Have a drill

It will also be beneficial for you to practice your drill at least once a month. Companies usually do this for their employees to get accustomed to. If you are a landlord and own a home, it's also an excellent way to get your tenants accustomed to your escape plan.

As a deaf person, practising your fire escape plan, helps you perfect it, and also get everyone up to speed.

signs on a staircase of exit routes

What to do when you’ve been alerted of a fire

Once you have all systems working and your escape plan is solid, it's essential to know what you will do. If you need to write your plan down so that you know what steps to take, then do that. Make sure that your actions are short, concise, to the point, and easy for any to read, and follow.

In the event of a fire breaking out, it's essential to make your way out of the space as fast as possible. Don’t try to grab stuff. It will slow you down and put you at greater risk.

Next, check your exits, see which way you can use to get out unharmed. If there is no other way except through smoke, then get low and crawl through under the smoke. Always keep your mouth closed.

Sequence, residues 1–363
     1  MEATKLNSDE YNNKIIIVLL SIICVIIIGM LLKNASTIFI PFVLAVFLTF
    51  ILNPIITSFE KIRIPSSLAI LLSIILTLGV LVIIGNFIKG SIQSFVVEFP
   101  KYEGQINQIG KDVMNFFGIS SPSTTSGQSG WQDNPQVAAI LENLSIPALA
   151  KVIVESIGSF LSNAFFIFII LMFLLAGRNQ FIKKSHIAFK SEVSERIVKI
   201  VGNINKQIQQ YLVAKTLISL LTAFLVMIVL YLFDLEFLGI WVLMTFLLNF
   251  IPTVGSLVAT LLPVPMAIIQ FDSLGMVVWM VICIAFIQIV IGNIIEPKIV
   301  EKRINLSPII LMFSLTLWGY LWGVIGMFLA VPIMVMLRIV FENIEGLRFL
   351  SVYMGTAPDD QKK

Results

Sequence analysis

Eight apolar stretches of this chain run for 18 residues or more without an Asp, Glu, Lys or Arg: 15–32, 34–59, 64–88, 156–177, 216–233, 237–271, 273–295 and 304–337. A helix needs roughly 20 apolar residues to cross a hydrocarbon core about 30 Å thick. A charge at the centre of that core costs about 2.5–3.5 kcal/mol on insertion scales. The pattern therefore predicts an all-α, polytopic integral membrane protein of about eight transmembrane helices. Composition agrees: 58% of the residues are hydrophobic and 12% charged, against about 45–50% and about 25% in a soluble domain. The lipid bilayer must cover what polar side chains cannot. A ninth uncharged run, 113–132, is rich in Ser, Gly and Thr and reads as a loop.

If you need to make your way out before help arrives, make sure to stay away from doors, windows, and hot exit points. Do try to touch them. Safety is something that you have to take as a personal choice.

Checklist for the hearing impaired

Now we have gone through things that you could use to come up with an effective plan, it also helps to have a checklist. So that you make sure that you have all that you need to be safe in case of a fire.

  • Make sure to prepare your evacuation plan.
  • Let someone in on your plan.
  • Know your exits well
  • Ensure that you have adequate, effective systems to warn you when there is a fire
  • Make sure to check the smoke detectors and make sure that all systems are working
  • Ensure you are familiar with the way the smoke alarm works
  • Does everyone else in the building understand how it works